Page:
Made in Singapore: A test kit to better diagnose and treat kidney cancer
- POSTED: 01 Aug 2014 14:41
- UPDATED: 01 Aug 2014 14:53
The molecular test kit aims to aid doctors better deal with clear cell renal carcinoma, a common affliction suffered by Singaporean men.
SINGAPORE: A test kit that can help predict the treatment and survival outcomes in kidney cancer patients has been created, in a collaboration between researchers and doctors at the Institute of Bioengineering and Nanotechnology (IBN), Singapore General Hospital (SGH) and the National Cancer Centre Singapore (NCCS).
In a joint statement issued on Friday (Aug 1), IBN Executive Director Professor Jackie Y Ying said: "By combining our expertise in molecular diagnostics and cancer research, we have developed the first genetic test to help doctors prescribe the appropriate treatment for kidney cancer patients based on their tumour profile."
In creating the test kit, the team conducted a retrospective study with tissue samples collected from close to 280 clear cell renal carcinoma (ccRCC) patients who underwent surgery at SGH between 1999 and 2012.
Kidney cancer is among the 10 most frequent cancers affecting men in Singapore, according to The Singapore Cancer Registry for 2009 to 2013. Of the kidney cancer patients, the most common type of cancer is ccRCC, according to the statement.
It added that extensive molecular characterisation of ccRCC by the research team and other researchers worldwide in recent studies suggested the existence of specific subtypes with different survival outcomes.
HELPING DOCTORS MAKE BETTER JUDGEMENT CALLS FOR PATIENTS
"The researchers therefore set out to discover reliable biomarkers that could improve the prognostic prediction, and identify patients who would be likely to benefit from one type of treatment," according to the statement.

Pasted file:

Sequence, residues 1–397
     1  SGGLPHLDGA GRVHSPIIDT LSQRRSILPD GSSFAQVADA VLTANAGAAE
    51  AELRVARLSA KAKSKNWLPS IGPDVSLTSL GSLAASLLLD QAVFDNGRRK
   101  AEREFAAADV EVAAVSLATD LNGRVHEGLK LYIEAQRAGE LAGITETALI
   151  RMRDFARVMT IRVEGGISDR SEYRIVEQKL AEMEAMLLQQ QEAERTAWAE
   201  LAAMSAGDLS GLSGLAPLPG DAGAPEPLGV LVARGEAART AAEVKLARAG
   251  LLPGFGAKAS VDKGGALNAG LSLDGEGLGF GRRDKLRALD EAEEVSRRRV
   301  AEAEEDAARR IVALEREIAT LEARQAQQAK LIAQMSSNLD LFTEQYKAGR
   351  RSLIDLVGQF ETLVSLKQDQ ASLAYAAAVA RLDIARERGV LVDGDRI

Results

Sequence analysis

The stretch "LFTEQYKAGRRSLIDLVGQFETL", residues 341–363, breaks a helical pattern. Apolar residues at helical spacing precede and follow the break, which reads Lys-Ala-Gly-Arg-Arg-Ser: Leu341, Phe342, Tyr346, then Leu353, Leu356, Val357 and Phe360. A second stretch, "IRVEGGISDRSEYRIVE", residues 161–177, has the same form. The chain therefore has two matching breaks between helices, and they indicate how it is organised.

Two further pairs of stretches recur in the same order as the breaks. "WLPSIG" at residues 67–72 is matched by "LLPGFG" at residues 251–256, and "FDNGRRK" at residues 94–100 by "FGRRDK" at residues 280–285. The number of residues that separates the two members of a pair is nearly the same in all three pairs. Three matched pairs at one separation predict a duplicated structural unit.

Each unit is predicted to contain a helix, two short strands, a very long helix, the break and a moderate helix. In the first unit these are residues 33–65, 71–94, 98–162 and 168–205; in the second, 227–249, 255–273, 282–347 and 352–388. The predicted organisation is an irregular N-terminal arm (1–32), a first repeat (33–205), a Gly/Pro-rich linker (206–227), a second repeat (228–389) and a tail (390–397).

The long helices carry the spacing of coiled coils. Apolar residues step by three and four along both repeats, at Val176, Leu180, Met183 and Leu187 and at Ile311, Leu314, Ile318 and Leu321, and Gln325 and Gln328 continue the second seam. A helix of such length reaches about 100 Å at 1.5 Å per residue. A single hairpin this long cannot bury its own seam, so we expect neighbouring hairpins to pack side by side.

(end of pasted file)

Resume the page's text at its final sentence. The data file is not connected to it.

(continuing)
The research team thus designed its practical assay, or investigative procedure, for studying and diagnosing real-world tumour samples from ccRCC patients. This is to distinguish patients into groups of different survival and treatment outcomes, it said.
Dr Min-Han Tan, IBN Team Leader and Principal Research Scientist and visiting consultant at the Division of Medical Oncology at NCCS, said: "Our diagnostic assay successfully classified ccRCC into groups correlating to different survival and treatment outcomes. This allows patients and doctors to make more educated choices in their treatment options."
Dr Tan added that with 250 new patients diagnosed with kidney cancer in Singapore each year, diagnoses and treatment outcomes "can be very different". This is why he said he hopes the team's assay will play a role in helping doctors with making the right judgement for patients.
The breakthrough was recently reported in European Urology, the world’s top urology journal. The molecular test has been validated at the SGH and NCCS.